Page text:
ASCO endorses a Canadian agency's outlook on ovarian ablation, chemotherapy limits for stage IV lung cancer patients, and supportive care antiemetic therapies.
Robert Morreale/Visual Explanations, LLC © 2005-2011 American Society of Clinical Oncology (ASCO)
In keeping with its policy of endorsing guidelines developed by other organizations deemed appropriate, an American Society of Clinical Oncology (ASCO) ad hoc panel has voiced agreement with clinical guidelines established by Cancer Care Ontario (CCO) on adjuvant ovarian ablation (OA) for premenopausal women with earlystage invasive breast cancer.
CCO, the agency that oversees cancer care in the province of Ontario, Canada, determined that OA should not be added routinely to systemic therapy with chemotherapy, tamoxifen, or the combination of tamoxifen and chemotherapy.
In addition, OA is not recommended as an alternative to any other form of systemic therapy, except in the specific case of patients who are candidates for other forms of systemic therapy but who for one reason or another will not receive any other systemic therapy.
Finally, monthly injection is the recommended mode of administration when the chosen method of OA is chemical suppression using luteinizing hormone-releasing hormone (LHRH) agonists.
The ASCO panel noted its overall agreement with the recommendations, with the caveat that ongoing studies involving dosing regiments for LHRH agonists and combination ovarian suppression and aromatase inhibitor therapies may change its outlook.
Additionally, the panel cited potential limits of ovarian suppression using LHRH agonists. “Ovarian suppression cannot be confirmed by cessation of menses alone,” the ASCO panel wrote, “and estradiol assays are not always reliable indicators of ovarian function.”
The panel also stated that there is no evidence that OA benefits premenopausal women with breast cancer who also have hormone receptor-negative disease or unknown hormone receptor status. (J Clin Oncol. 2011; doi:10.1200/JCO.2011.36.4950). http://tiny.cc/ca3rt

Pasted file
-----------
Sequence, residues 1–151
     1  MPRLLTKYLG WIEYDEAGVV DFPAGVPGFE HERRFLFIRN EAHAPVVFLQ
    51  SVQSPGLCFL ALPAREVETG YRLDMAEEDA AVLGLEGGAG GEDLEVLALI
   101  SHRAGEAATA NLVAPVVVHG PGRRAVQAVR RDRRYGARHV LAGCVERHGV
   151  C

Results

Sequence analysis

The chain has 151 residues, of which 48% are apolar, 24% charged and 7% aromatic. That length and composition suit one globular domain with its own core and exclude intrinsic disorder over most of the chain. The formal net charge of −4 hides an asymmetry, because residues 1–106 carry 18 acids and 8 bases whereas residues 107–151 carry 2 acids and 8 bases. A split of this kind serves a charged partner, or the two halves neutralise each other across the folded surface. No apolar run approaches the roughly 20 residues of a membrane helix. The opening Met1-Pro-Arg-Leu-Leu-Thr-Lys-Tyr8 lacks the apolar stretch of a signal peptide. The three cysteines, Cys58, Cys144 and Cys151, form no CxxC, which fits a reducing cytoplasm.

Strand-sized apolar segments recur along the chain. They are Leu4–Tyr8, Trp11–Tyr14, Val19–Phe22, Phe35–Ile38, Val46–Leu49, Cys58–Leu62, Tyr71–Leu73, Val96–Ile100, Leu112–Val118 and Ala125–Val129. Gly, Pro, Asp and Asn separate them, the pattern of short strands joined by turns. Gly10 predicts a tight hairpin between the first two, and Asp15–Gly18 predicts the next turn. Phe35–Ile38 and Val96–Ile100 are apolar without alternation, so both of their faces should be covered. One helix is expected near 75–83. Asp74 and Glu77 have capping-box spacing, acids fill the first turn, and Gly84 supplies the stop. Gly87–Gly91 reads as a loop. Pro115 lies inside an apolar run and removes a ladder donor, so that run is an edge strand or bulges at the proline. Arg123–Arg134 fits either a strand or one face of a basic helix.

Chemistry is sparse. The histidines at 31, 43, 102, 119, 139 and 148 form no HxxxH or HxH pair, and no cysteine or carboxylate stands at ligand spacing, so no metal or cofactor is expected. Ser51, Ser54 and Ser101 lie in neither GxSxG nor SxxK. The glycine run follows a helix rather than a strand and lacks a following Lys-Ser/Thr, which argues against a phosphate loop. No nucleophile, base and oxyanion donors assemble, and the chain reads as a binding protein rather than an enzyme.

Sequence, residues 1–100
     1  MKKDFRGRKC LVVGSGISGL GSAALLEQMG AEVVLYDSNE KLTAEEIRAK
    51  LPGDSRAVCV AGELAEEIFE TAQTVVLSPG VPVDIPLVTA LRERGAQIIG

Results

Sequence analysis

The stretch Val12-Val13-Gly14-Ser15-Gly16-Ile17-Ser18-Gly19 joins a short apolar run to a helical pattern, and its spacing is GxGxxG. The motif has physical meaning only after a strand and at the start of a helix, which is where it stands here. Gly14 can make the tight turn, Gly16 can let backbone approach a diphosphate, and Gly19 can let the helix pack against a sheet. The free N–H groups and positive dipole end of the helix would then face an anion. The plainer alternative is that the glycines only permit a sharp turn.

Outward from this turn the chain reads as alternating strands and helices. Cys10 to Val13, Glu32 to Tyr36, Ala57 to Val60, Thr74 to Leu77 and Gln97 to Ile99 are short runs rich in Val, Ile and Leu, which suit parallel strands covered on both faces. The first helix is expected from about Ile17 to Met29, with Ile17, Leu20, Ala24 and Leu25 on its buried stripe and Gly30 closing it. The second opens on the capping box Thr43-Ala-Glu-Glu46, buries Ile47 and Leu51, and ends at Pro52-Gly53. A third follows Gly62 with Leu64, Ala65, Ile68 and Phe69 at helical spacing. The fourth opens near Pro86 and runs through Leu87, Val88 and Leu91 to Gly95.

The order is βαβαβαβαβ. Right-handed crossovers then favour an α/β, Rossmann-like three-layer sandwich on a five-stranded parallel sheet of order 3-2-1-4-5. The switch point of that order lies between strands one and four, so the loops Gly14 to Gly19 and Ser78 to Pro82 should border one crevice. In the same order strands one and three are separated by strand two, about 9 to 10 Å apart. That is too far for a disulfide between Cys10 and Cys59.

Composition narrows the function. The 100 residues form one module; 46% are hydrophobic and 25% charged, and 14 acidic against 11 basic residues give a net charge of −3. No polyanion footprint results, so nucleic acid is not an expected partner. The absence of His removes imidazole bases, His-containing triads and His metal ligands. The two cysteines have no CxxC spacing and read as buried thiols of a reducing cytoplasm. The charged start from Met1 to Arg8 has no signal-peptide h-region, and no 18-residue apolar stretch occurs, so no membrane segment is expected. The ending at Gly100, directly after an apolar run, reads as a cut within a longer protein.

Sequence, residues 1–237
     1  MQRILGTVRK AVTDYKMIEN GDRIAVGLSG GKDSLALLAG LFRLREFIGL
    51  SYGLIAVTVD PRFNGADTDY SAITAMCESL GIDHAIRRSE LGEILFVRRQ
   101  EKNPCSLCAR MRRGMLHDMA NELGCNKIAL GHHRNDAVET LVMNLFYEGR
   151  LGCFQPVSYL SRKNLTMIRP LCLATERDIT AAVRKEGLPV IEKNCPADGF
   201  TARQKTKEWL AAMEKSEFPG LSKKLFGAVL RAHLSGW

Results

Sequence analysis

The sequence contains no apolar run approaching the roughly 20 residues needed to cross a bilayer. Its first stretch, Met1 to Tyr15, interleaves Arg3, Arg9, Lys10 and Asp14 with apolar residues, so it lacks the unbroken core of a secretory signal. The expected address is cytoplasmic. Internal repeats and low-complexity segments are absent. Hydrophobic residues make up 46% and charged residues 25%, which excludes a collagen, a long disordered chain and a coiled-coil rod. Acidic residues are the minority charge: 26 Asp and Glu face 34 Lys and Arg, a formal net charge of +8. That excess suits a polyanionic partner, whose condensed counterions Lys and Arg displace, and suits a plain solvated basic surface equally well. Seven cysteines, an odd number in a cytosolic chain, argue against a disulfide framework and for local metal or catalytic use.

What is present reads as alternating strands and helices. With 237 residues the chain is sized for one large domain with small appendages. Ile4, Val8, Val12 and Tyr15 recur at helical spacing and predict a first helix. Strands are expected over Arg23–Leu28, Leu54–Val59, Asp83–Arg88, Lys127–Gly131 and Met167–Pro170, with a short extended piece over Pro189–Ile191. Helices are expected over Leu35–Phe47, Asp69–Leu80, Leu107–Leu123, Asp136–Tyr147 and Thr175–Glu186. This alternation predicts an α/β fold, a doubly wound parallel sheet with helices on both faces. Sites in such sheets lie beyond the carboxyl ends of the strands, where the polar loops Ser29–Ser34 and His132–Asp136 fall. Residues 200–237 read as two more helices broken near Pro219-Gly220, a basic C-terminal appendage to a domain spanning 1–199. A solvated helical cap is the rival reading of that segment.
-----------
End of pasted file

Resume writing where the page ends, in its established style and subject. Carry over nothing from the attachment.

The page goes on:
An ASCO update committee recommended that patients with stage IV non-small cell lung cancer who have received 4 cycles of first-line chemotherapy and whose disease has not progressed could be immediately switched to alternative, single-agent chemotherapy to extend progression-free survival and, potentially, overall survival.
The recommendations were based on a literature review of 162 publications that met the inclusion criteria. Randomized controlled trials of carboxyaminoimidazole, docetaxel, erlotinib, gefitinib, gemcitabine, and pemetrexed have evaluated outcomes in patients who received an immediate, non—cross resistant alternative therapy after first-line therapy.
“For those with stable disease or response after four cycles, immediate treatment with an alternative, single-agent chemotherapy such as pemetrexed in patients with nonsquamous histology, docetaxel in unselected patients, or erlotinib in unselected patients may be considered,” wrote the authors in a summary of the recommendations published on ASCO’s Website ahead of print.
“Limitations of this data are such that a break from cytotoxic chemotherapy after a fixed course is also acceptable, with initiation of second-line chemotherapy at disease progression,” the panel said. “Bevacizumab is recommended with carboplatin-paclitaxel, except for those with certain clinical characteristics.”
The committee recommended cetuximab with cisplatin-vinorelbine for patients whose tumors test positive by immunohistochemistry for epidermal growth factor receptor. Second-line treatments that the committee recommended were docetaxel, erlotinib, gefitinib, or pemetrexed. Erlotinib is recommended third-line therapy for patients who have not received prior erlotinib or gefitinib.
The committee did not have sufficient data to recommend the routine third-line use of cytotoxic drugs or molecular markers to select chemotherapy. (J Clin Oncol. 2011; doi:10.1200/JCO.2010.34.2774). http://tiny.cc/lf5s0
In its first review of antiemetic therapies since 2006, an ASCO committee tackled key clinical questions involving chemotherapyinduced and radiation-induced nausea and vomiting, clarifying language and refining guidelines in several areas.
The update panel performed a systematic literature review, examining reports on 37 trials, and 2 systematic reviews.
The committee reclassified combined anthracycline and cyclophosphamide regimens as highly emetic. The panel said patients who receive those regimens or any highly emetic agents should receive a 5-hydroxytryptamine-3 (5-HT3) antagonist, dexamethasone, and a neurokinin 1 (NK1) receptor antagonist.
Fosaprepitant, a single-day formulation, with aprepitant was validated for equivalency in a large trial, and the panel noted that either therapy is appropriate. For moderate emetic risk regimens, preferential use of palonosetron combined with dexamethasone is recommended.
The panel also recommended that for low-risk agents, patients can be offered dexamethasone before the first dose of chemotherapy.
Patients undergoing high emetic risk radiation therapy should receive a 5-HT3 antagonist before each fraction and for 24 hours after treatment. Additionally, those patients may receive a 5-day course of dexamethasone before fractions 1 to 5. (J Clin Oncol. 2011; doi:10.1200/ JCO.2010.34.4614). http://tiny.cc/cujza